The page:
Singer Anne-Marie puts Rudimental behind her as her solo career looks set to soar
Rising pop/hip hop/R&B star Anne-Marie looks set to be a huge breakthrough act this year. With new single Do It Right getting lots of airplay and a debut album on the way, the Essex native talks to Brian Campbell
ANNE-MARIE is not just a pop star on the up but also a karate expert (a triple world champion in shotokan) and a West End musicals veteran at the ripe old age of 24.
The Essex singer possesses a show-stopping voice and is happy to be compared to the likes of Jessie Ware, Katy B, Rihanna and Aaliyah.
She has jokingly said that her record label “wants to make me the biggest thing in the history of life” and with naggingly catchy pop/hip hop/R&B tunes such as Do It Right, Boy, Karate and her brilliant cover of the WSTRN single In2, it’s easy to understand the record company’s ambition.
Anne-Marie has her share of ballads too (Stole, Gentleman), has also worked with Magnetic Man, Gorgon City and Raized By Wolves and counts Ed Sheeran as one of her many high-profile fans.
Having toured the world with London dance act Rudimental (recently appearing on The Jonathan Ross Show with them), the singer with the infectious laugh speaks to Scene as she gets set to release her hotly-anticipated debut album – which has the working title Breathing Fire.
Hi Anne-Marie. Are you expecting a pretty busy year to come?
Hopefully, yeah. I'm going to be even busier than the last two years, so I'm psyching myself up for it. My album will be out in the summer. I was writing the whole time I was on tour with the Rudimental boys and whenever I got a day off I was in the studio. So it's nearly ready.
Do you like to switch between styles in your songs?
Yeah, definitely. I want to have a bit of everything on the album. I do love ballad-y albums, but that's definitely not what I'm like. I have so many parts of my personality that I need to get across in the album, so if I just did ballads people wouldn't really get who I am.
Do you have a particular method in terms of how you write songs?
It's so different every single time. I love writing so much. Everything I write is about my own experiences and stuff I've been through and I love how that transforms into a song.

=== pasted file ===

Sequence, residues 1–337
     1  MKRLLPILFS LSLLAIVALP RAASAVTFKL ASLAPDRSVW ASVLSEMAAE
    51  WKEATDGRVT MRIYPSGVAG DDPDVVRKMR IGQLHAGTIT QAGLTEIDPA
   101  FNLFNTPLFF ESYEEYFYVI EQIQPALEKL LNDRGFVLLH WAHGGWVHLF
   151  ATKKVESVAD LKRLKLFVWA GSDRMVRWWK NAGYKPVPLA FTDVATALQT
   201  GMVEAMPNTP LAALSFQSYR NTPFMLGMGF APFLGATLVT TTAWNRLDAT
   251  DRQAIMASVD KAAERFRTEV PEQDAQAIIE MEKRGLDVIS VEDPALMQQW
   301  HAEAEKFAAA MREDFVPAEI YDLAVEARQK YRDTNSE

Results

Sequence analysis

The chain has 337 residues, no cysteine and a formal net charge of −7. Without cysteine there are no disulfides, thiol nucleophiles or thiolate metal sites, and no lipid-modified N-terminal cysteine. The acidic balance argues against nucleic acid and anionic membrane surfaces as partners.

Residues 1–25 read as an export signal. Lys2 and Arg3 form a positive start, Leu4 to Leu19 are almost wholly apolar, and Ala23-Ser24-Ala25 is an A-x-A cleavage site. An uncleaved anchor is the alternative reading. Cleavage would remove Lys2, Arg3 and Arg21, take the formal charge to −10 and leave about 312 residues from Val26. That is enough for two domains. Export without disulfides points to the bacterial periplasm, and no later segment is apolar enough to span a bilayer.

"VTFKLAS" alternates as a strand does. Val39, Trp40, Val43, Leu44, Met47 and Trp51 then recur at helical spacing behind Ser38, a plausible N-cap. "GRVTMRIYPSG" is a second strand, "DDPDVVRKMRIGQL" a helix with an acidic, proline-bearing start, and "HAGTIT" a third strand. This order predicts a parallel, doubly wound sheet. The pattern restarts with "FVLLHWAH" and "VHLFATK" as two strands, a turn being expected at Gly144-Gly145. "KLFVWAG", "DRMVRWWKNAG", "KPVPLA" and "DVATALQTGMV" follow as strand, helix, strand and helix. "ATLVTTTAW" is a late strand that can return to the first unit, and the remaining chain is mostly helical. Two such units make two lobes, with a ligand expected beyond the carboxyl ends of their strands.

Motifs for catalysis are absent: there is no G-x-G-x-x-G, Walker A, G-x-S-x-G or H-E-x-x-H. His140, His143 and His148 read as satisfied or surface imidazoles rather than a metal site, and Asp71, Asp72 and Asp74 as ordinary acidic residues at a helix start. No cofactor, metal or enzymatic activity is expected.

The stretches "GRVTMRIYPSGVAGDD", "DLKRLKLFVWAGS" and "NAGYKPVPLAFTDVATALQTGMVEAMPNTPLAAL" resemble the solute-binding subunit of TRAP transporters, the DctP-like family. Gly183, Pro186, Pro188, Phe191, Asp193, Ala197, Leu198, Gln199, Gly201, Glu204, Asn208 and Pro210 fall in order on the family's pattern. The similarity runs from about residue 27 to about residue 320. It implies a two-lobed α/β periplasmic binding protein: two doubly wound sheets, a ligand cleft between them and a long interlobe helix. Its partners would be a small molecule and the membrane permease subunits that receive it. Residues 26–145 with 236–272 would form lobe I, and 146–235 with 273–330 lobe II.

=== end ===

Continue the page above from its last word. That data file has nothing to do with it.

What do you think about getting compared to singers such as Jessie Ware, Katy B and Rihanna?
I don't mind it. When you start out it’s hard for people to understand what your style of music is, so I guess they need to do that. I read a thing recently that said I was “the Essex Aaliyah”, which I loved.
You said in an interview last month that you might just beat up Rihanna and then become `the new Rihanna’...
It's funny, because I was laughing my head off when I said that but then when you see it written down it looks quite serious. I'm not really a bully (laughs).
Are you looking forward to doing more of your own gigs this year?
I'm so excited about it, but it is nerve-racking doing it without the [Rudimental] boys being on stage with me. I did a gig in London late last year and I was crapping myself; I was so nervous. People were like, `Why are you nervous? You've done this in front of thousands of people'. But it's so different to the Rudimental gigs, because everyone's looking at me and only me and it's my material so it's much more personal. But it’s been amazing and so much fun. It’s made me realise that I want to do it every day now; there's no turning back.
What are some of the biggest audiences you’ve played to so far?
We did Glastonbury last year. That was probably the biggest one and probably my favourite one. We did Korea too and that was massive. But I love the small gigs too, when you can see everyone's faces and feel everyone's energy.
Have you done many Irish gigs to date?
I’ve been over for gigs with Rudimental and I remember we did a Guinness thing too; that was fun. I love it there. Hopefully I'll be back on my own soon.
Have you been singing since you were very young?
I basically went to a performing arts school since I could walk and at the age of six I went for a part in Les Mis in the West End and got it. My parents were like, `Oh. You can sing?' That was a nice surprise for them, I guess. I ended up being in Les Mis twice and in Whistle Down The Wind – that's how I know Jessie J, she was in the same show. Then I started doing karate and that took over until I got back into this.
Which singers and bands were you into when you were growing up?
I really liked hip hop and stuff like Eminem and 50 Cent and Prince and Lauryn Hill. I used to be into S Club 7 too (laughs). There's not one style of music that I don't like, which is why it's hard to get a 'sound' for me; it took a while but I finally got it. I love everything.
Who would you love to get the chance to collaborate with if you had your pick?
I'd love to work with Kendrick Lamar… and Alanis Morissette. You can put the word out for me (laughs).